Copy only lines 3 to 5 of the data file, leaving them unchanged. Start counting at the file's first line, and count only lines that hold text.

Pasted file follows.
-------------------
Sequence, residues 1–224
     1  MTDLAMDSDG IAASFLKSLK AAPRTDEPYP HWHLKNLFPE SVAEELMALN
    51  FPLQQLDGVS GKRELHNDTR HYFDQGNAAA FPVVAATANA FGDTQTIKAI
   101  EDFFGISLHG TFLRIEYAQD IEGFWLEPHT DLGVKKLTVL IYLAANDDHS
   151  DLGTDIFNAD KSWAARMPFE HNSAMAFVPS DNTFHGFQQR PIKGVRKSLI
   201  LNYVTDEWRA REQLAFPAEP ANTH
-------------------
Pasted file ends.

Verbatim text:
    51  FPLQQLDGVS GKRELHNDTR HYFDQGNAAA FPVVAATANA FGDTQTIKAI
   101  EDFFGISLHG TFLRIEYAQD IEGFWLEPHT DLGVKKLTVL IYLAANDDHS
   151  DLGTDIFNAD KSWAARMPFE HNSAMAFVPS DNTFHGFQQR PIKGVRKSLI